ABSTRACT

Incidences of community-acquired infectious diseases other than COVID-19 decreased during the coronavirus disease 2019 pandemic; however, exanthema subitum incidence before (2016-2019) and during the pandemic (2020) in Niigata, Japan, did not substantially differ, although the proportion of age less than 1-year-old was lower in 2020. These findings suggest that exanthema subitum is transmitted mainly among family members, not in the community.


Subject(s)
COVID-19/epidemiology , Exanthema Subitum/epidemiology , Adolescent , Child , Child, Preschool , Female , Humans , Incidence , Infant , Japan/epidemiology , Male , Pandemics , Retrospective Studies , SARS-CoV-2 , Sentinel Surveillance
4.
Pediatr Infect Dis J ; 40(11): e418-e423, 2021 11 01.
Article in English | MEDLINE | ID: covidwho-1494050

ABSTRACT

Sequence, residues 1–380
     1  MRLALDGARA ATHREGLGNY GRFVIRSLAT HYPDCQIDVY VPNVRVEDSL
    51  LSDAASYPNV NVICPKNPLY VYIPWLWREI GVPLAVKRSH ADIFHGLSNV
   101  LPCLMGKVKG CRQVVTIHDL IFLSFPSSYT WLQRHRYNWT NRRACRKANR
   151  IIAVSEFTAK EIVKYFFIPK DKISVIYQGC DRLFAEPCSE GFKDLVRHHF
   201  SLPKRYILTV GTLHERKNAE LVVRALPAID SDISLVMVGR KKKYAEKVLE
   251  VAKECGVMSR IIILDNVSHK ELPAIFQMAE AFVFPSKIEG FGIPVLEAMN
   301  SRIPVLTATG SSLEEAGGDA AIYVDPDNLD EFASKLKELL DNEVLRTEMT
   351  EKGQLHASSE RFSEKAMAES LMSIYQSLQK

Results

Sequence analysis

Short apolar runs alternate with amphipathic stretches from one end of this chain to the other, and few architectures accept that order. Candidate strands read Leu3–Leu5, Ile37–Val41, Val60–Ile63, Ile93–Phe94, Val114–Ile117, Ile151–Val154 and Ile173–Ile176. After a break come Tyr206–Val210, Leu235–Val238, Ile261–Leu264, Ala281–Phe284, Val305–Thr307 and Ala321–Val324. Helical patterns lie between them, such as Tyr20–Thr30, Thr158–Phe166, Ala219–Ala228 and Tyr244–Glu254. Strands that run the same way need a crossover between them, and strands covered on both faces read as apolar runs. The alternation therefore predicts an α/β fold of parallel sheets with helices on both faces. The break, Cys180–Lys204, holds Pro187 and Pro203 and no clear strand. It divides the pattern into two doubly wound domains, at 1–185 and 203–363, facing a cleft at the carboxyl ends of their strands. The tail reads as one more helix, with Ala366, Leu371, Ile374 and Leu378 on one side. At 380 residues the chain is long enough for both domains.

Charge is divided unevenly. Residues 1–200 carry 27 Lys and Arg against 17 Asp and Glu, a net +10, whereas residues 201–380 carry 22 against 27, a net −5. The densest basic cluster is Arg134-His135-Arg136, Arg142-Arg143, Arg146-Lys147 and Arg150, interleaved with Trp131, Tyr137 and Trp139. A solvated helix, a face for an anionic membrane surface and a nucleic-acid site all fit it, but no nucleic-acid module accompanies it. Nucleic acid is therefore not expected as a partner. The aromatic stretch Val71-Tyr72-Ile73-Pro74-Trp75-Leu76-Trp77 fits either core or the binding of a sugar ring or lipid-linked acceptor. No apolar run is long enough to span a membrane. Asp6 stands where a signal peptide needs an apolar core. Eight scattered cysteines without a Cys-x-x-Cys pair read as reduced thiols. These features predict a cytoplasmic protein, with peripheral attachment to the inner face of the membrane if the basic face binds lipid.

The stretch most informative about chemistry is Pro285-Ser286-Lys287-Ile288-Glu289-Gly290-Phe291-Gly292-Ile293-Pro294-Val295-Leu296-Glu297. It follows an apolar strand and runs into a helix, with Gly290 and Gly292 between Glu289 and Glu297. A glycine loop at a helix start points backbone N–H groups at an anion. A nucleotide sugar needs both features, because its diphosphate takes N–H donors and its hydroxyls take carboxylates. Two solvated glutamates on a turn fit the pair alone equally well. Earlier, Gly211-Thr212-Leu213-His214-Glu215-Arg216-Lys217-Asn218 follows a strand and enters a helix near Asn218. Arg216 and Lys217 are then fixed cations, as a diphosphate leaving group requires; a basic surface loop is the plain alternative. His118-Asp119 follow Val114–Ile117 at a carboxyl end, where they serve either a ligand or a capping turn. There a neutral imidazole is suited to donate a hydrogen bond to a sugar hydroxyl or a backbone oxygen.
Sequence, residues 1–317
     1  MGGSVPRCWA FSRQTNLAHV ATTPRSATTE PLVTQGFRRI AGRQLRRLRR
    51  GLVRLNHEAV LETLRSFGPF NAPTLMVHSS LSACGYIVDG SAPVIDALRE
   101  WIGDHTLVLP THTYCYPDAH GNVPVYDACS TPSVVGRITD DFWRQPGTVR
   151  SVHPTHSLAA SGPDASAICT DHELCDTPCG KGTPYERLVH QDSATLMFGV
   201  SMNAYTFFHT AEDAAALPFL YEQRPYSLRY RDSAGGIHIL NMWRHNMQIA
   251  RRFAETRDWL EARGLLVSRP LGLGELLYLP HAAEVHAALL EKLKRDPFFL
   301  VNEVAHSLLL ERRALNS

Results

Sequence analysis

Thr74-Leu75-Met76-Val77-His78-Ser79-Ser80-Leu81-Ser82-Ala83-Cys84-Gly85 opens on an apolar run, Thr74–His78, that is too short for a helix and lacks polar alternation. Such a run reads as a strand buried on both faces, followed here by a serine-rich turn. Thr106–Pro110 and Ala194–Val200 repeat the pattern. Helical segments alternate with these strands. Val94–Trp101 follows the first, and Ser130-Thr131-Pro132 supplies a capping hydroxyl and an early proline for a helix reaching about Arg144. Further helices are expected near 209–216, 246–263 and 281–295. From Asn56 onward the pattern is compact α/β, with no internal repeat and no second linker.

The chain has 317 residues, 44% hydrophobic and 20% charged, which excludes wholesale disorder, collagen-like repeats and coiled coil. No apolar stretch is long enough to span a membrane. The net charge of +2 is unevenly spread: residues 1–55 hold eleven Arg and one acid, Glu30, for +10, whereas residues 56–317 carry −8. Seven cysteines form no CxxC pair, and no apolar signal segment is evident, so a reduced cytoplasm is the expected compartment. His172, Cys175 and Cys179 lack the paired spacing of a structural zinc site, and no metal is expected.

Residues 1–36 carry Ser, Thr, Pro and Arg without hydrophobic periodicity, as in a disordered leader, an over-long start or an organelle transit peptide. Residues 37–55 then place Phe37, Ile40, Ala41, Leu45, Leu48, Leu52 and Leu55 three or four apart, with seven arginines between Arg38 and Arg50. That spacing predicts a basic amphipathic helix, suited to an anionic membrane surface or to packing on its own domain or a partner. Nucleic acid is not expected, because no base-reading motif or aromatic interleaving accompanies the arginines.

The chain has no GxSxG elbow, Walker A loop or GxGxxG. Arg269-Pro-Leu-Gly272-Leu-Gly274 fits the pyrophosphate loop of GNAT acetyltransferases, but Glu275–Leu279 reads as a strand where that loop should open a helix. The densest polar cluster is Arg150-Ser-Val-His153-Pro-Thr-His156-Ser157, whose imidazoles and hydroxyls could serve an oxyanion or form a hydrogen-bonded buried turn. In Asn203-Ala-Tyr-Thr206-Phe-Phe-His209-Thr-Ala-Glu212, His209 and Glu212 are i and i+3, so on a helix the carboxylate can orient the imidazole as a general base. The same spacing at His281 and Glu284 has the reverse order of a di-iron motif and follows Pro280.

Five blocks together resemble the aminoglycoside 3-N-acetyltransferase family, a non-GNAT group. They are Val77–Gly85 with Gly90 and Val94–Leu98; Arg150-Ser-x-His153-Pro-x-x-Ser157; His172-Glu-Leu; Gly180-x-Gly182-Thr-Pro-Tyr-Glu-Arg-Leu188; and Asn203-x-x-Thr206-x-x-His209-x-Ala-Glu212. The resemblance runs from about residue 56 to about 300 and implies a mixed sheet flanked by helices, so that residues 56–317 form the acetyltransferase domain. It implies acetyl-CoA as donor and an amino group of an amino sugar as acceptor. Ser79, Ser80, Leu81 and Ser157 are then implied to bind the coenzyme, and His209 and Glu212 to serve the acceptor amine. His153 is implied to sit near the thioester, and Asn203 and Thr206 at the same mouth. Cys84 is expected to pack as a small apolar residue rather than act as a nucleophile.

BACKGROUND: School closures are a subject of debate during the present coronavirus disease 2019 (COVID-19) pandemic. Because children are not the main driver of COVID-19 transmission in the community, school education must be prioritized in conjunction with appropriate infection prevention and control measures, as determined by local COVID-19 incidence. METHODS: We investigated the causes and transmission routes of a primary school cluster of COVID-19 that occurred during November and December 2020 in Niigata, Japan. RESULTS: In the cluster, the virus spread among teachers, then from teachers to students, and then to their family members. This primary school cluster comprised 26 infected patients and included teachers (13/33, 39%), students (9/211, 4%), and family members (4/65, 6%). The secondary attack rate from the 3 index teachers to the remaining 30 teachers was 33%; however, the rate to students was only 4%. Factors contributing to cluster formation include the fact that 2 of the index teachers continued working while symptomatic and that the environment and infection prevention measures in the teachers' room were inadequate. CONCLUSIONS: To open schools safely and without interruption, adequate measures to prevent COVID-19 infection in schools should be emphasized not only for children but also for teachers and their environment.